A discussion on the crisis of neoliberalism, held on February 18, 2017 at the University of Vienna, as part of the third annual Platypus European Conference.

An edited transcript of the event was published in The Platypus Review Issue #96.

Speakers (in order):

Chris Cutrone -  Platypus Affiliated Society; School of the Art Institute (Chicago)
John Milios - former Chief economic advisor of SYRIZA (Athens)
Emmanuel Tomaselli - Funke Redaktion; International Marxist Tendency (Vienna)
Boris Kargalitzky - Institute of Globalisation Studies and Social Movements (Moscow)

Description:

The Left has for over a generation – for more than 40 years, since the crisis of 1973 – placed its hopes in the Democratic and Labour Parties to reverse or slow neoliberal capitalism – the move to trans-national trade agreements, the movement of capital and labor, and austerity. The post-2008 crisis of neoliberalism, despite phenomena such as SYRIZA, Occupy Wall Street, the Arab Spring and anti-austerity protests more generally, Bernie Sanders's candidacy, and Jeremy Corbyn's Labour leadership, has found expression on the avowed Right, through UKIP, Brexit, the U.K. Conservatives' move to "Red Toryism" and now Donald Trump's election. The old neoliberal consensus is falling apart, and change is palpably in the air. Margaret Thatcher's infamous phrase "There Is No Alternative" has been proven wrong. What can the Left do to advance the struggle for socialism under such circumstances?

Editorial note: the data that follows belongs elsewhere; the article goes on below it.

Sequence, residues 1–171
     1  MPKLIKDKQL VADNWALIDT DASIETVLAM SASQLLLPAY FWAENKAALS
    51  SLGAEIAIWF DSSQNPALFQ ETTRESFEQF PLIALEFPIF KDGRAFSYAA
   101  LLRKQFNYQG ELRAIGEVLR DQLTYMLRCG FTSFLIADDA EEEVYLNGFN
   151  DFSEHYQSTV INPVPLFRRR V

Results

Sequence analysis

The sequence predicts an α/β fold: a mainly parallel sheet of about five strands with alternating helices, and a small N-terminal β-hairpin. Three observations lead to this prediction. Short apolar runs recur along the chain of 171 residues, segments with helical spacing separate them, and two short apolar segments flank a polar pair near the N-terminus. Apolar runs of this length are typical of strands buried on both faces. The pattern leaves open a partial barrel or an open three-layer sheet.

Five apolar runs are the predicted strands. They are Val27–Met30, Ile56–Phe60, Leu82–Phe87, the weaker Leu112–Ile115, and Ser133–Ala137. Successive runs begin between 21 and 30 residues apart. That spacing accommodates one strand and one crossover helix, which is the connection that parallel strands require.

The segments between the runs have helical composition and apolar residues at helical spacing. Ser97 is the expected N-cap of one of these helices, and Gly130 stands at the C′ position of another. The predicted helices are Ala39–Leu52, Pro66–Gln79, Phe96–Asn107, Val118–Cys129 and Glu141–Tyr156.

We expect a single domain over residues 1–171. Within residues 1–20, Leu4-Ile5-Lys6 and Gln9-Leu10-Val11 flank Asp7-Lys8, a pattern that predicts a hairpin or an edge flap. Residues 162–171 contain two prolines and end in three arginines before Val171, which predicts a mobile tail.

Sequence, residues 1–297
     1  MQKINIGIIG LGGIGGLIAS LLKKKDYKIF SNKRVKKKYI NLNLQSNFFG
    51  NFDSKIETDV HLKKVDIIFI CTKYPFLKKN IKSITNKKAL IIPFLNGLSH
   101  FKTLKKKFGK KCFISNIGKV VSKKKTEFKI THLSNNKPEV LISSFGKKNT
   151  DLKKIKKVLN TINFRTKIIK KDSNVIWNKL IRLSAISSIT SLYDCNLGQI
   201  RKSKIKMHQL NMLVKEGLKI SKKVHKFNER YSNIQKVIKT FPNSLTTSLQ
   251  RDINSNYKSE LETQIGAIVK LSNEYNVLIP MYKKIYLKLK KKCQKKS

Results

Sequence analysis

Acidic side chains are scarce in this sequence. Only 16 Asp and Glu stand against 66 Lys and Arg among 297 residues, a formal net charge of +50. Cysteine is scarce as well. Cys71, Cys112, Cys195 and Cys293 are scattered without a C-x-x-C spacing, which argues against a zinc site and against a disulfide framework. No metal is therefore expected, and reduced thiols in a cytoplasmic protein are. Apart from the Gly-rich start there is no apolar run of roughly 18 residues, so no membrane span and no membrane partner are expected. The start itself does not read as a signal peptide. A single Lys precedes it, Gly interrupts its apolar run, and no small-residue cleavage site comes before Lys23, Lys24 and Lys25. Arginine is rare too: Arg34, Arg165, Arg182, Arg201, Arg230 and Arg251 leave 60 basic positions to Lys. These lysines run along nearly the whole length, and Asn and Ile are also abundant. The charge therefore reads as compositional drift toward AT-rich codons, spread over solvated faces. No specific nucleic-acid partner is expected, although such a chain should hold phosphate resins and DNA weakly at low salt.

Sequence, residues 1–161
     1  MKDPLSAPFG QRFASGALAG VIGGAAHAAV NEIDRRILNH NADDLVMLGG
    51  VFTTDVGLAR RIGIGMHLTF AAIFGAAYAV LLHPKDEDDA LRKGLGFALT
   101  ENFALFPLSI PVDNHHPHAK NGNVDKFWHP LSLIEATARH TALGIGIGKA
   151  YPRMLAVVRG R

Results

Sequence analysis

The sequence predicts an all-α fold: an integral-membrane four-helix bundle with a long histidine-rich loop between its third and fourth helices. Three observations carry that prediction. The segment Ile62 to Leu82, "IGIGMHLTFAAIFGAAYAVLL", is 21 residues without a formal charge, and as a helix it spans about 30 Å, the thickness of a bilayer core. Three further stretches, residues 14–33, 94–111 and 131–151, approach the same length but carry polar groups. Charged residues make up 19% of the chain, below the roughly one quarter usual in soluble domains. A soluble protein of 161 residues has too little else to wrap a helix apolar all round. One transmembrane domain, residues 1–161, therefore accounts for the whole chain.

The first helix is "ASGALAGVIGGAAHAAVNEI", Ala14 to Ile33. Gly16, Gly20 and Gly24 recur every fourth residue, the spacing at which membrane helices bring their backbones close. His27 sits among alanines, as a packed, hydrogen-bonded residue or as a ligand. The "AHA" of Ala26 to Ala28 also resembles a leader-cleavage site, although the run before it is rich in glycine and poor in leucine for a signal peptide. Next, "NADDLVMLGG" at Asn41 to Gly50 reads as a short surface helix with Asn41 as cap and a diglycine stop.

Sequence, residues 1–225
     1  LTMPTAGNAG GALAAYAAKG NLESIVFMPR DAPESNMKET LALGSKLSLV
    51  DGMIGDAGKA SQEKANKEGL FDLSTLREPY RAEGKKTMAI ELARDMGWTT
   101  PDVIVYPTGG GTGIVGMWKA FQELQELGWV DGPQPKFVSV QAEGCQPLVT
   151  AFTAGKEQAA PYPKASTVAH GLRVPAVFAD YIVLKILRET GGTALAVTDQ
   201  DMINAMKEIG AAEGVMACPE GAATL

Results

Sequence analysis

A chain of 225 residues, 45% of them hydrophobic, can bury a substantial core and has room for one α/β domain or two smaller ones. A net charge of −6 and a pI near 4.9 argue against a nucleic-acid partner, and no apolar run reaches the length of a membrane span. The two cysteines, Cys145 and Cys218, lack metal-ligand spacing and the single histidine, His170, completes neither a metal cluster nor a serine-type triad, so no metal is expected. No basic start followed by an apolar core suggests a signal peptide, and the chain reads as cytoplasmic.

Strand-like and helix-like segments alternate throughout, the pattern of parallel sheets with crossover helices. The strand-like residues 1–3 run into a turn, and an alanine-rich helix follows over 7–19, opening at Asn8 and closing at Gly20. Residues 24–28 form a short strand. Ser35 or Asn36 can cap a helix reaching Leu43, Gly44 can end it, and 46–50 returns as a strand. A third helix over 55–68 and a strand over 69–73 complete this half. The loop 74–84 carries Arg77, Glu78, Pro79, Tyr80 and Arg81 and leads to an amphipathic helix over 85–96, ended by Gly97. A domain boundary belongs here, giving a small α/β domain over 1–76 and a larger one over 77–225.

In the 1960s the Left faced political and social crises in an era of full employment and economic growth. Departing from official Communism, which had largely supported the development of the welfare state in industrialized capitalist countries, many on the Left challenged the existing political order, of Keynesian-Fordism, through community organising on the principle of expanding individual and collective freedom from the state. Against Keynesian economic demands, many of these Leftists supported the Rights efforts, to integrate formerly oppressed identity groups into the corporate professional-managerial class. Since the 1970s, the significance of the fact that all these aims were taken up, politically, by the Right, in
the name of ‘freedom’, in the form of neo-liberalism is still ambiguous today.

Some on the Left have understood this phase of ‘neo-liberalism’ to be continuous with the post-war Fordist state, for example in Ernest Mandel’s conception of “late capitalism” and David Harvey’s idea of “post-Fordism”. The movement of labor and capital was still administered by the Fordist state. Distinctively, others on the Left have opposed neo-liberalism for over a generation through a defence of the post-war welfare state, through appeals to anti-austerity and anti-globalisation.

How does this distinction within the Left between the defense of the welfare state and the defense of individual freedom affect the Left’s response to the crisis of neo-liberalism? Why has the Left recently supported attempts to politically manage the economic crisis post-2008, against attempts at political change? How can the Left struggle for political power, with the aim of overcoming capitalism and achieving socialism, when the political expression of the crisis of neoliberalism has largely come from the Right, and Trump won the election in November?